We regret to inform you Elon Musk’s widely beloved Tesla Roadster could contaminate Mars.

Scientists at Purdue University have released a statement on the sports car and its captain, the now-infamous Starman. The researchers are concerned the car could be carrying an enormous load of bacteria from Earth, which could spell trouble in the slim chance it crashes into Mars.

“If there is an indigenous Mars biota, it’s at risk of being contaminated by terrestrial life,” Jay Melosh, a professor of earth, atmospheric, and planetary sciences at Purdue University, says in the press release. “Would Earth’s organisms be better adapted, take over Mars and contaminate it so we don’t know what indigenous Mars was like, or would they be not as well adapted as the Martian organisms? We don’t know.”

Melosh continued: “Even if [SpaceX] radiated the outside, the engine would be dirty. Cars aren’t assembled clean. And even then, there’s a big difference between clean and sterile.”

Driving up Australia
Edited SpaceX PR image of Starman driving his Tesla convertible up Australia.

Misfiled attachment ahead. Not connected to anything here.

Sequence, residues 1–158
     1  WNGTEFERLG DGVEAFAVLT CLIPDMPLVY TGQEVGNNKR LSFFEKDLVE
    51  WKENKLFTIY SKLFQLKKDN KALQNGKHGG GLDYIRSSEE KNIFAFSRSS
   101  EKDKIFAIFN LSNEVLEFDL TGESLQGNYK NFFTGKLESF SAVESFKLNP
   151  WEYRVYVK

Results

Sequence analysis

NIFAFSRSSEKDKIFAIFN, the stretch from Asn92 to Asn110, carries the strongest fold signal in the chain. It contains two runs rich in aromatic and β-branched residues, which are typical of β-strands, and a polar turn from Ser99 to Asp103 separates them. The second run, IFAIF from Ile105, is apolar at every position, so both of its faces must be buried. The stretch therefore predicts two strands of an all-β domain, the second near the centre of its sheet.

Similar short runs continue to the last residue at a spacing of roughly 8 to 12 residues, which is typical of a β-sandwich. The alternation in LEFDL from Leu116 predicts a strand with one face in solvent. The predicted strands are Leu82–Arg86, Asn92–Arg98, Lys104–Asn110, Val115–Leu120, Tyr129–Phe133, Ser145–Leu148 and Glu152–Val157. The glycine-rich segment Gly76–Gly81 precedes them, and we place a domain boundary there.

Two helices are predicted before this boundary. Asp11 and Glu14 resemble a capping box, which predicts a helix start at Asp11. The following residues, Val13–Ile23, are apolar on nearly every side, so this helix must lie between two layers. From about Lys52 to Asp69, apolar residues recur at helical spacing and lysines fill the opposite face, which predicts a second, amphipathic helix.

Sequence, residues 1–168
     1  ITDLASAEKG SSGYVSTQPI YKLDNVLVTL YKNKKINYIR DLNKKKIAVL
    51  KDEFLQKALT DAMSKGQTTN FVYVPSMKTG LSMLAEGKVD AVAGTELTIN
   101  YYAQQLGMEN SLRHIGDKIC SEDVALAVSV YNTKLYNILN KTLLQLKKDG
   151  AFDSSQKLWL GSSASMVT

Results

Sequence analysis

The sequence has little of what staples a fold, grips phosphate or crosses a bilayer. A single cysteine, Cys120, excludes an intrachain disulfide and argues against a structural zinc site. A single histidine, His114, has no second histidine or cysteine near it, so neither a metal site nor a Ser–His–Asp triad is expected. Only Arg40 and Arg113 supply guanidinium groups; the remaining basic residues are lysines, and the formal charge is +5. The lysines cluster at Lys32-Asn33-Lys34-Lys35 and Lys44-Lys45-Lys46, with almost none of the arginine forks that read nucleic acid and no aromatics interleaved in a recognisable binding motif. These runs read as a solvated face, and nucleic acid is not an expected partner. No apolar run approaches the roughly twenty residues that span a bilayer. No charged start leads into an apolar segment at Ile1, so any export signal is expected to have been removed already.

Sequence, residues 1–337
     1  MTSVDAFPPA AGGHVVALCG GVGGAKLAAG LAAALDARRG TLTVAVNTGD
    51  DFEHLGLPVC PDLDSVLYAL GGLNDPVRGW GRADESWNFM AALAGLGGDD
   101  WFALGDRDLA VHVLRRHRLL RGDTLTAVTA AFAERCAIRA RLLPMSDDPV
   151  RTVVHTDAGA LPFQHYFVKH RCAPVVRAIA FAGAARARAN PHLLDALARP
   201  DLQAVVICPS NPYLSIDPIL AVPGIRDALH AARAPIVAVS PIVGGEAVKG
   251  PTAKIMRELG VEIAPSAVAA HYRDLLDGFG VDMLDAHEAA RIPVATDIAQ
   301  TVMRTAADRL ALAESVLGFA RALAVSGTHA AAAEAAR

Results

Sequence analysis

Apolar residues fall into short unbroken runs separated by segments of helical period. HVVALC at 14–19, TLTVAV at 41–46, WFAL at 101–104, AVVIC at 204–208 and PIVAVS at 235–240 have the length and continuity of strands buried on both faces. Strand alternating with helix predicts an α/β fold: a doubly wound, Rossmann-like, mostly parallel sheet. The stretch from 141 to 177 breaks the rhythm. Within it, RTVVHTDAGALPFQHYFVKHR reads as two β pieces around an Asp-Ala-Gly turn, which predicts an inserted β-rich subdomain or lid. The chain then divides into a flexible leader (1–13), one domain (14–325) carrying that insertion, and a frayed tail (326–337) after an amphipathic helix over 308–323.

NASA has an Office of Planetary Protection that is primarily tasked with ensuring earthly spacecraft doesn’t contaminate other worlds. But the department doesn’t regulate spacecraft in orbit, and since the Roadster was never supposed to land, it wasn’t wiped of bacteria before takeoff. Inverse has reached out to SpaceX to see if the aerospace company took any measures to clean the vehicle before liftoff, but as of this writing, we have not heard back.

“The load of bacteria on the Tesla could be considered a biothreat, or a backup copy of life on Earth,” Alina Alexeenko, a professor of aeronautics and astronautics at Purdue, said in a statement.

Tesla "Starman"
Tesla "Starman" zooming off into the void.

NASA’s new planetary protection officer Lisa Pratt seems similarly disenchanted with the space car.

“We were supporting [SpaceX’s] launch, but we did not have a planetary protection plan in place,” she said in a presentation to the Planetary Science Advisory Committee, SpaceNews reports. “We have to figure out how to work closely, how to move forward in a collaborative posture so we don’t have another red Roadster up there in orbit.”

Even in the case the Tesla did crash into Mars — which is very unlikely based on its trajectory — it “could be millions of years before that happens,” according to the researchers at Purdue. So fingers crossed that the literal worst-case scenario doesn’t happen, and that Musk’s admittedly well-executed PR stunt doesn’t destroy the solar system.

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